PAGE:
This information is designed to help you reduce the impact and fear of fireworks and loud noises, such as thunder and gunshot, for your dog or puppy.
When dogs are exposed to loud and unpredictable bangs, crashes and flashes of fireworks, they can get very confused and scared.
As we are all aware, the old adage: “Remember, remember, the 5th of November” no longer applies; fireworks are let off for all number of celebrations and are being manufactured to make much louder bangs and produce bigger flashes and showers of sparks. It is no wonder that our dogs become frightened and disoriented at this time.
Firstly, do not attempt to reassure/ stroke/ pat your dog when he shows signs of fear, stress and anxiety at the sound of bangs and loud noises. If you do, you will simply be rewarding/ praising him for being frightened. The reassurance tells the dog that he is RIGHT to be scared and that he should carry on being frightened and stressed! You must show that you are not concerned and carry on as though nothing is happening.
In preparation for fireworks, you could purchase a desensitisation CD. These CDs contain noises of different types of fireworks, gunshots, etc and should be played to the dog on a daily basis (probably best in the evening when the real thing is more prevalent) for a few weeks prior to the firework season.
Start playing on a low volume and gradually turn the volume up until the CD is quite loud and played for a reasonable length of time. It is important that you remember NOT to reassure your dog if he shows signs of anxiety when the CD is played. Do not begin to turn the volume up on the CD until the dog is coping with the current volume level. Have PATIENCE!
Whilst playing the CD, it would be an excellent idea to try and create a POSITIVE association with the firework noise – for example, feed the dog some tasty treats, do a titbit training session, give the dog a new and different chew or play with him and his favourite toy.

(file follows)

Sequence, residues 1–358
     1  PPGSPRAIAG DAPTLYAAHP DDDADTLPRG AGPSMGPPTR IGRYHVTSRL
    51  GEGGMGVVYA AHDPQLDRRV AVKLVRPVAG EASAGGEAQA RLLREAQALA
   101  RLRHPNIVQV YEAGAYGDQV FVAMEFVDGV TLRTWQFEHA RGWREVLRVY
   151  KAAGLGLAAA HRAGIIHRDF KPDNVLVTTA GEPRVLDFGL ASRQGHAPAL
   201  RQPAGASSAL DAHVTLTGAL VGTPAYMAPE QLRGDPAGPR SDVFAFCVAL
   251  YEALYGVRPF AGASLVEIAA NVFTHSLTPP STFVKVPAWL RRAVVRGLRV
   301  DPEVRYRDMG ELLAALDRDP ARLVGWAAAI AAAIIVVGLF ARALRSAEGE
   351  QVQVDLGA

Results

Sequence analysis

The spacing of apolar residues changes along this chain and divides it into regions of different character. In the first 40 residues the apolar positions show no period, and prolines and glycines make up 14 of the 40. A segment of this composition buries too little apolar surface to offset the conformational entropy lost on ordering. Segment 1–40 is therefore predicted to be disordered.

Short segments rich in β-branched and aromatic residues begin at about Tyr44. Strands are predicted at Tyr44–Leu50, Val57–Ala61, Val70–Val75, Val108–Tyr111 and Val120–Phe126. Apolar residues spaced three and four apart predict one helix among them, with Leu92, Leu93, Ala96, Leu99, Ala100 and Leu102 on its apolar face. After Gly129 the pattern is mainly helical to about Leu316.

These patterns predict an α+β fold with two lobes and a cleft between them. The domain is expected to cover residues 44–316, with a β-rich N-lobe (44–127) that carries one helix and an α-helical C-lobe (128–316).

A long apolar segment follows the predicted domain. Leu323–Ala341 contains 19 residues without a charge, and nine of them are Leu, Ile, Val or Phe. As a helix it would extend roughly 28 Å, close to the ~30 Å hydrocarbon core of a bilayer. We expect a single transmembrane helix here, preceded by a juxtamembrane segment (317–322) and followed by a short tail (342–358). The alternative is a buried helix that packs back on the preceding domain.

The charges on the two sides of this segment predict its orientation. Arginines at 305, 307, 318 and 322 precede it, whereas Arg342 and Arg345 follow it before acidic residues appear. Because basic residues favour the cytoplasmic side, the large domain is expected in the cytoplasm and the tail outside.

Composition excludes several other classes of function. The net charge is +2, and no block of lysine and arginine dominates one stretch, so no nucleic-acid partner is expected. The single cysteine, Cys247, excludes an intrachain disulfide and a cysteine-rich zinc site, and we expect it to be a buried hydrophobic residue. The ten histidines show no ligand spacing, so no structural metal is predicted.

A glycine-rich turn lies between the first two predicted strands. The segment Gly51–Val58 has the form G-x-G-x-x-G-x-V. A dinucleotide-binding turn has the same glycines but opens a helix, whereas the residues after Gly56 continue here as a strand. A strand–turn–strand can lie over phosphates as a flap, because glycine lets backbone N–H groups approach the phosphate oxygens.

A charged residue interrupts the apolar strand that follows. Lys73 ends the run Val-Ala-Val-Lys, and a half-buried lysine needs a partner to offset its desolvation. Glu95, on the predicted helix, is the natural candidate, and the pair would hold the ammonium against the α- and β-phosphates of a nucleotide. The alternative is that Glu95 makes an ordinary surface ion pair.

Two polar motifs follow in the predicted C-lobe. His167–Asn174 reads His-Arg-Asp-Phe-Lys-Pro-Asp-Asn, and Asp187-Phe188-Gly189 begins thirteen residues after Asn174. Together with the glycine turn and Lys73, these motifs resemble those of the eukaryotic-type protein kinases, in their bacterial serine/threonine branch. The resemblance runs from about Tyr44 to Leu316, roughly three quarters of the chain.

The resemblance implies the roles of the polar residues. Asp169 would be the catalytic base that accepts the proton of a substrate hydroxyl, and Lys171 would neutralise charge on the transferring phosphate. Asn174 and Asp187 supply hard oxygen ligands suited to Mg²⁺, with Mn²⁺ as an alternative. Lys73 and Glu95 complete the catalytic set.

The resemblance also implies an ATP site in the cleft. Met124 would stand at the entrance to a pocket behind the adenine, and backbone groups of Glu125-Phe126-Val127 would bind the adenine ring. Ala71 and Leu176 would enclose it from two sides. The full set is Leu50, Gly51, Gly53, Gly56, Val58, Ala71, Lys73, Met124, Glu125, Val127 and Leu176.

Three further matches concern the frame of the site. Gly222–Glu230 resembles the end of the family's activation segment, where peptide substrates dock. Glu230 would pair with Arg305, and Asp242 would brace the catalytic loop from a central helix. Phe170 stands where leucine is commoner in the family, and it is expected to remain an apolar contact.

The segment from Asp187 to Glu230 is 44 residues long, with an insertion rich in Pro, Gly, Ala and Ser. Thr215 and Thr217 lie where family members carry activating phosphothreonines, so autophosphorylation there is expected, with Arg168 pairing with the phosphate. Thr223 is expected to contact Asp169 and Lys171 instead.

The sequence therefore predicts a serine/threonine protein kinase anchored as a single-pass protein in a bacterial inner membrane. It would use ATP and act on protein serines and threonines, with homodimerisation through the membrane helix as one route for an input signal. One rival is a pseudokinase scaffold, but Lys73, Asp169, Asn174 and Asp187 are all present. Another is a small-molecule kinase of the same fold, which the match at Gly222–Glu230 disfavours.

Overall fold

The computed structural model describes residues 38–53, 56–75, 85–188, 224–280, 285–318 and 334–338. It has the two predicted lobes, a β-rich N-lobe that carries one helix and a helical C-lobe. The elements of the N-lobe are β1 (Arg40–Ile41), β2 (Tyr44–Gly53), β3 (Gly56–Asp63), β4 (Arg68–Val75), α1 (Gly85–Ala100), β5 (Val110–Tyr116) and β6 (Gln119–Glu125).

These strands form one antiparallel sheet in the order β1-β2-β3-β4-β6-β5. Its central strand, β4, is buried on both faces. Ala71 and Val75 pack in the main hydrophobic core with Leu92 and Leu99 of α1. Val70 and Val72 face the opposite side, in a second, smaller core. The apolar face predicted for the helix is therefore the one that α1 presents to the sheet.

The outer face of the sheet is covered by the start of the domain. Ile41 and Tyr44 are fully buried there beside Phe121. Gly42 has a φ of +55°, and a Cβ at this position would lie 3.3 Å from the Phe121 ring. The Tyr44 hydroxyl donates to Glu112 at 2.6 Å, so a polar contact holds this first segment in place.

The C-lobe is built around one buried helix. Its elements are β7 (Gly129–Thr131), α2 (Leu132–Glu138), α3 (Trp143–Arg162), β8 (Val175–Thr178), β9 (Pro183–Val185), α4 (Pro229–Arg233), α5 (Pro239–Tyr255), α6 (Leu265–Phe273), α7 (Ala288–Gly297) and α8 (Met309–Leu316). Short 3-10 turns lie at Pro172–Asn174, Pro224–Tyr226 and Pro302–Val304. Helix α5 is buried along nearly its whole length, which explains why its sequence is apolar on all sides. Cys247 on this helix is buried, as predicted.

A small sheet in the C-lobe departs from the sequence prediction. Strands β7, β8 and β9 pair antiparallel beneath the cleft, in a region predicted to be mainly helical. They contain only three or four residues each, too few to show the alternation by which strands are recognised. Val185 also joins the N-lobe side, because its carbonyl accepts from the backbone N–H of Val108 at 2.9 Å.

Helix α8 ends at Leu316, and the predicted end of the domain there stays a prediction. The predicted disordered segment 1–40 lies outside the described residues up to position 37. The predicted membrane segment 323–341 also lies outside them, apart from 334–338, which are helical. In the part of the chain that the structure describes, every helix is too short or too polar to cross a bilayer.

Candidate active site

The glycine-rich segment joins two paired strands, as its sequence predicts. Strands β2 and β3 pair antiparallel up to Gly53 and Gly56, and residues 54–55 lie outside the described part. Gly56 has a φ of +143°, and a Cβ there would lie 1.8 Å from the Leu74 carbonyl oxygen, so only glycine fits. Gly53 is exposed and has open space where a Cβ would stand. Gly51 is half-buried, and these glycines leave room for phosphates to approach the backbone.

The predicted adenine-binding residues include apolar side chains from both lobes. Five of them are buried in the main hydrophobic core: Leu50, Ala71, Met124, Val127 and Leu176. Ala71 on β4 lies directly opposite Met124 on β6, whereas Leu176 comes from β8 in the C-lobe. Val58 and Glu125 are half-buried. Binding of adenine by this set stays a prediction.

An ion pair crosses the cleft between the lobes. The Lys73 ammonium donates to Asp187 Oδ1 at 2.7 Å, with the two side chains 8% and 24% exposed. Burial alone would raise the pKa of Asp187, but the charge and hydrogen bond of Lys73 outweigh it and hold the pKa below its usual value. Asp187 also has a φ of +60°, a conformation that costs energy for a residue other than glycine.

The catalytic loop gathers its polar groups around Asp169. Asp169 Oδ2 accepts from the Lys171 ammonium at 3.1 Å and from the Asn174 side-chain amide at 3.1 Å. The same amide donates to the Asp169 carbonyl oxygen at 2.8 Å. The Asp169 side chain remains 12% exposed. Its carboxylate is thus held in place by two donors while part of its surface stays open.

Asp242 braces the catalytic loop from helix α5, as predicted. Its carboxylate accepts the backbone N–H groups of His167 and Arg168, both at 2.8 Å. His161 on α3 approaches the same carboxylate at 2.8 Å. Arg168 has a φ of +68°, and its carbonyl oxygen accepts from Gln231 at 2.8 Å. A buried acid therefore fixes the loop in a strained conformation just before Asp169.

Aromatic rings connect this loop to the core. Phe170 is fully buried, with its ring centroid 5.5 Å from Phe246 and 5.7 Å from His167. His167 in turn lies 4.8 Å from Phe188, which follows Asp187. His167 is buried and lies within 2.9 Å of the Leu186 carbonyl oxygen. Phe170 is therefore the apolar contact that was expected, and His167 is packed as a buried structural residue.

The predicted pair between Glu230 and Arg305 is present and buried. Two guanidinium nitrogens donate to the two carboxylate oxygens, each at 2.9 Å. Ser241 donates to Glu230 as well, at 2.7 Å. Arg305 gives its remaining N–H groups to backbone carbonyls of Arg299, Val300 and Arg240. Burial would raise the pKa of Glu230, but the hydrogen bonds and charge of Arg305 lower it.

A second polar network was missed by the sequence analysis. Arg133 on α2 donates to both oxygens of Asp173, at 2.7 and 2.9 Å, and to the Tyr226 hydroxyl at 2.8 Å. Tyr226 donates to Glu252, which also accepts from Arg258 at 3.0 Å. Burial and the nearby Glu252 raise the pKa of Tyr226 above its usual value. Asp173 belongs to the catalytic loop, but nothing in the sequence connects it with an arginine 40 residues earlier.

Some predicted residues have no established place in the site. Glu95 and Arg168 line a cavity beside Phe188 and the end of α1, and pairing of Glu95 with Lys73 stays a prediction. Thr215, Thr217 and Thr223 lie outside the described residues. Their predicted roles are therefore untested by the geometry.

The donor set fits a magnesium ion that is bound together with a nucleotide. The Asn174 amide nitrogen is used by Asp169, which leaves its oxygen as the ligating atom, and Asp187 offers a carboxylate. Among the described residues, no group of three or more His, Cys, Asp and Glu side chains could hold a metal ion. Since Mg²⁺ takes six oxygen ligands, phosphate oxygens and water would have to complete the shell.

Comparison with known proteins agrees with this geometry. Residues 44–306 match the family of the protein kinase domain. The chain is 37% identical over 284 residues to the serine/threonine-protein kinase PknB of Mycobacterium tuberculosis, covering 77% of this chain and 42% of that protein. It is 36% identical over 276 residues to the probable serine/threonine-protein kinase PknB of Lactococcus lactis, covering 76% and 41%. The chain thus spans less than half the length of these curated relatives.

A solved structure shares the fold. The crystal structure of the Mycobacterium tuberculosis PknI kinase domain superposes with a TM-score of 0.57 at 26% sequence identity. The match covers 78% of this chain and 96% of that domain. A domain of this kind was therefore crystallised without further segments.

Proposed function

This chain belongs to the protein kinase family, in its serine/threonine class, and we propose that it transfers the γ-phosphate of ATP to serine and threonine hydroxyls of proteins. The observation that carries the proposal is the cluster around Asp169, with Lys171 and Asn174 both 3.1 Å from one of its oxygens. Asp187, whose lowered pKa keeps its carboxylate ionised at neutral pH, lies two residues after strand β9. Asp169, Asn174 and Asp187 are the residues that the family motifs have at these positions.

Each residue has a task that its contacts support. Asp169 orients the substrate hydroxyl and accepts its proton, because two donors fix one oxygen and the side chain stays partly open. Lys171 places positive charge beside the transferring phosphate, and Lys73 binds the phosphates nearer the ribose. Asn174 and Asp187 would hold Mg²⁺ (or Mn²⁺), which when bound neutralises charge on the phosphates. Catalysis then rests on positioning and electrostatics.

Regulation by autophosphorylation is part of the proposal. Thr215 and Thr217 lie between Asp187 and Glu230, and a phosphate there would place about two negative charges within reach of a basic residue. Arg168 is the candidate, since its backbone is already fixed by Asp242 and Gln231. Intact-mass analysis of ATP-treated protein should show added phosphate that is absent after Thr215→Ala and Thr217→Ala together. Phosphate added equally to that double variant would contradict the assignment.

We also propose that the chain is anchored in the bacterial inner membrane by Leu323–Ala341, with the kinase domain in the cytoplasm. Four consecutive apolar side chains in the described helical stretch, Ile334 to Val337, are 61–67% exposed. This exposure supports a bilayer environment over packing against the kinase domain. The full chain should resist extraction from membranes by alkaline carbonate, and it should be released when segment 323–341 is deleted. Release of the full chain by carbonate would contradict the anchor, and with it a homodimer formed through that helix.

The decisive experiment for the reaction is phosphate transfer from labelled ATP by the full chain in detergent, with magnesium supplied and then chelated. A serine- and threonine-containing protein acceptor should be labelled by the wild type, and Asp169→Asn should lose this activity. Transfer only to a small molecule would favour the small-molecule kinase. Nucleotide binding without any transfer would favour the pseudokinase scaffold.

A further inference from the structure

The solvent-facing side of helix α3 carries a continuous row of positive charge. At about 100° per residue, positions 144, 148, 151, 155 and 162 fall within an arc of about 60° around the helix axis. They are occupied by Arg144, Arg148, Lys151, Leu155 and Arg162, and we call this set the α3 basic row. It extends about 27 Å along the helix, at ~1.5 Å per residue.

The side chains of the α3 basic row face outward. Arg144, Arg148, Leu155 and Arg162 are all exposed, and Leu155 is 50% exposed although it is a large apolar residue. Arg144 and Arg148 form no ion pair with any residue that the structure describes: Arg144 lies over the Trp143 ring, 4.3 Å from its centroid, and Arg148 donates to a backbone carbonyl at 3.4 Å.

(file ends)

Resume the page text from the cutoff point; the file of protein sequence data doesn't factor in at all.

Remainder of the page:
This may take a little time to encourage the dog to eat, train or play when he is nervous and anxious BUT if you begin with the volume low and don’t try to rush the dog, it will be possible. Have PATIENCE!
A Safe Place
If the dog wishes to take himself off and hide in a dark space, allow him to do so. Dogs often try to hide behind the sofa, under the bed, in the bed, under the stairs and many more places.
We get concerned or irritated and keep hauling them out, making their fear and anxiety worse. Think about what an animal in the wild would do – it would find the smallest safest and darkest space it could to hide in until the “danger” was over – this is only what your dog is trying to do. In fact, giving the dog a “safe space” or a “den” to retire to is an excellent idea.
If you use a crate, make sure it is in a place as far from the fireworks as possible, cover it with a blanket, put more blankets or bedding in the crate and let your dog settle down in there with a chew. Make sure that the crate is open so that he does not feel trapped. Otherwise, if the dog goes behind the sofa or under your bed, providing he is not doing any damage, leave him there!
Take your time to see this from your dog’s point of view and make life easier for him. Have PATIENCE!
You may also have heard of DAP (Dog Appeasing Pheromone). This is a plug-in device available from your vet which releases calming pheromones in to the air. It should be plugged in, in the room where the dog will likely spend his time during fireworks events and switched on all day every day for approximately two weeks before the fireworks really get underway.
These can help some dogs to settle more effectively but it is not a miracle cure. The other steps should also be followed.
Finally, once the fireworks really begin, make sure that you have walked your dog earlier in the day so that you are not caught out on a walk when the noises begin. If you are out later in the day, make sure that you keep your dog close and if necessary keep him on lead – you do not want him to bolt in fear. Check that his “safe space” is accessible to him and is covered over and comfortable.
Brief the family on how they must behave if the dog starts to show signs of anxiety – remind them that although they may think it cruel to ignore him if he looks scared, they would be doing more harm than good by reassuring him.
And remember, when dogs are stressed they can become unpredictable and behave out of character. This may involve the dog growling or snapping or panicking. Make sure that they do not have access to anything potentially dangerous and ensure that doors to the outside are shut. At no time should you scold the dog when it is feeling anxious or frightened as again, this will only serve to heighten the fear.
If you experience problems or are unsure about the steps involved, please contact us. We will be happy to help and can arrange for you to have a consultation and be personally guided through the training.
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